In his new memoir, Wilco’s Jeff Tweedy ponders small town life
In his new memoir Let’s Go (So We Can Get Back), Wilco leader Jeff Tweedy recounts an awkward encounter he had with two high-school classmates when he was back in his hometown of Belleville, Illinois, and out to dinner with his family. The two classmates assumed that Tweedy was back in town for their high school class reunion, and didn’t seem much impressed by his success with Wilco (certainly darlings of the indie-rock and alt-country scene, if not household names). The moment comes early in his book, and I think it says a lot about life in small towns across the United States.
Belleville, in Tweedy’s words, is known for having “the world’s longest main street” but not much else. Like a lot of small towns in the wake of World War II, it experienced a brief period of industrial growth before falling on hard times because a lot of the jobs that were available in such small towns were outsourced overseas or just disappeared. In the Norman Rockwell version of America, a small town is a tight-knit community where neighbors look out for neighbors; in the real world, neighbors look out for neighbors, but mostly with a gun in their lap to make sure that no one gets in their homes. I should know; I come from a small town not too different from Tweedy’s hometown.
Let’s Go is, of course, about more than Tweedy’s origin story, as a small-town kid obsessed with punk rock who grows up to be first in Uncle Tupelo and then in Wilco, earning critical accolades and a devoted fan base along the way (including your humble reviewer). But for me, the part of the book that sticks in my mind and resonates is the depiction of middle-America small-town desperation, and how a kid way too smart for his own good and into music that doesn’t get much play on the top-Forty formats of the town’s few radio-station options is seemingly set upon by all sides by mendacious mediocrity. Okay, I may be projecting a bit when I say that, but Tweedy makes clear that his hometown is no one’s idea of Mayberry, RFD, the kind of place where you want to sit a spell in case your neighbor actually invites you over.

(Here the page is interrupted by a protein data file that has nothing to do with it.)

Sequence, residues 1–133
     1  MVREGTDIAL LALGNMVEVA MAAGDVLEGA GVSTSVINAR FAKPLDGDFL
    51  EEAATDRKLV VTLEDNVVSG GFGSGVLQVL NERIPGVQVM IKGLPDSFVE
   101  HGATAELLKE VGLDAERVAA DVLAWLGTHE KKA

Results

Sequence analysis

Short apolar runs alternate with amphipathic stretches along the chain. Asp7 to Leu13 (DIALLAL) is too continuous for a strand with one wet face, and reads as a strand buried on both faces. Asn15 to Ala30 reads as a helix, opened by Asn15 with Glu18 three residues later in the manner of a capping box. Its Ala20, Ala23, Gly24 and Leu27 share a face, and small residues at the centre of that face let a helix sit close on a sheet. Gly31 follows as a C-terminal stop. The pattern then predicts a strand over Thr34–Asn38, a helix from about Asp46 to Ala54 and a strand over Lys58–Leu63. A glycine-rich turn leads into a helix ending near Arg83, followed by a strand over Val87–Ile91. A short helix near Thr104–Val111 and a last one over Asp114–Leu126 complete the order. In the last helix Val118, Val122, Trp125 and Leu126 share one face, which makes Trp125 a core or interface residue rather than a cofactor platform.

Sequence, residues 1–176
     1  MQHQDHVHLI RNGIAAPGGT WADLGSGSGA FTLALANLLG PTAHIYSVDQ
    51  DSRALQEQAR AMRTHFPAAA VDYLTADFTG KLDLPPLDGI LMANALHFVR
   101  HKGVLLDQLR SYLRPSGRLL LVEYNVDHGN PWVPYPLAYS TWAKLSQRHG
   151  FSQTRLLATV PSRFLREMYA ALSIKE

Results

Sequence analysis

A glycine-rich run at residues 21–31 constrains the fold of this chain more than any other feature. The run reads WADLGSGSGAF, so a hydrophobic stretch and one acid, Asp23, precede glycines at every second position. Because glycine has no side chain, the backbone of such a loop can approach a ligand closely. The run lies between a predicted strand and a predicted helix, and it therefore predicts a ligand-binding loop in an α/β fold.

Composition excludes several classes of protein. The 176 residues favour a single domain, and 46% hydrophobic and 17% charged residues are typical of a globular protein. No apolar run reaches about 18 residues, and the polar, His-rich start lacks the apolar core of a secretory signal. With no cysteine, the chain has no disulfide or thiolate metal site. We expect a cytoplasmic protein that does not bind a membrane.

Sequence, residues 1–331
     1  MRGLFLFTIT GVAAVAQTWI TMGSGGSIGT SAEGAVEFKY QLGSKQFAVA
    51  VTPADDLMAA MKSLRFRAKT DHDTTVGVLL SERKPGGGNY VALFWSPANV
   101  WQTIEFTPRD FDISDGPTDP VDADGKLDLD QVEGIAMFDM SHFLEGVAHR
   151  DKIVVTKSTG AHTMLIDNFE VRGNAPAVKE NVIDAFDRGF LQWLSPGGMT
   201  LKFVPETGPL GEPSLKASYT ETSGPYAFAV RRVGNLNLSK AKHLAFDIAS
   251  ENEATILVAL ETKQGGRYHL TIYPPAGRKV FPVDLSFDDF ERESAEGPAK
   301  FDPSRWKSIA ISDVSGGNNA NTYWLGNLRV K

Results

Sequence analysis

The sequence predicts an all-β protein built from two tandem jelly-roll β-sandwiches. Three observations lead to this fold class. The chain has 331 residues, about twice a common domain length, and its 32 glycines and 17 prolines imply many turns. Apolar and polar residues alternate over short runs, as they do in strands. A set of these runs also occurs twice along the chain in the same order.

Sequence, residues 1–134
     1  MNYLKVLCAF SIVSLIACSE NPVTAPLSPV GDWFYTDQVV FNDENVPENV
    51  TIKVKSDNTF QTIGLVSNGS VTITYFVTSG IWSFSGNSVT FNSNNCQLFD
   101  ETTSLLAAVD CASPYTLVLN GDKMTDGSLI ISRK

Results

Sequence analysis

Any biopic worth its salt will invest a good portion of its running time in the origin story, the “how” or “why” of what drove someone to do something more with their life than be a simple cog in the machine. If you don’t have the background, you can’t appreciate the struggle or the triumph. Tweedy’s struggle, so to speak, is clearly first-world, white-privilege in that he’s the misunderstood punk rock kid from the small town, eager to do something more with his life than what his father and older brothers did. But it’s important as well, and as he recounts in another section dealing with his time in rehab for drug addiction, his pain is just as real as anyone else’s.
Small towns are incubators of despair for those citizens born with the desire to set their course for points elsewhere. The gradual realization for some of them that they’ll never get out, that they’ll repeat or expand on the dull ways of living that their forefathers did, causes bitterness and anger, resentment of outsiders and of the rare few gifted or desperate enough to seek warmer and more open-minded climates. Tweedy’s encounter, however brief, with his former classmates illustrates that small towns breed small minds (again, not to say that I’m projecting here, but I think Tweedy was nicer about it). The typical rock-star bio would be more about the struggles to be heard and reach a wider audience, and that’s there (plus there’s some sex and drugs, though Tweedy is tongue-in-cheek about Wilco’s “obvious songs about sex and debauchery”).
But the part that resonates with me concerns the kid with the punk-rock soundtrack, trapped in a town of booze, Top 40 and bitterness. Because it hits close to home, literally. If Jeff Tweedy can make it out, there’s hope for the rest of us small-town dreamers, perhaps.
VIDEO: Jeff Tweedy talks about “Let’s Go (So We Can Get Back)”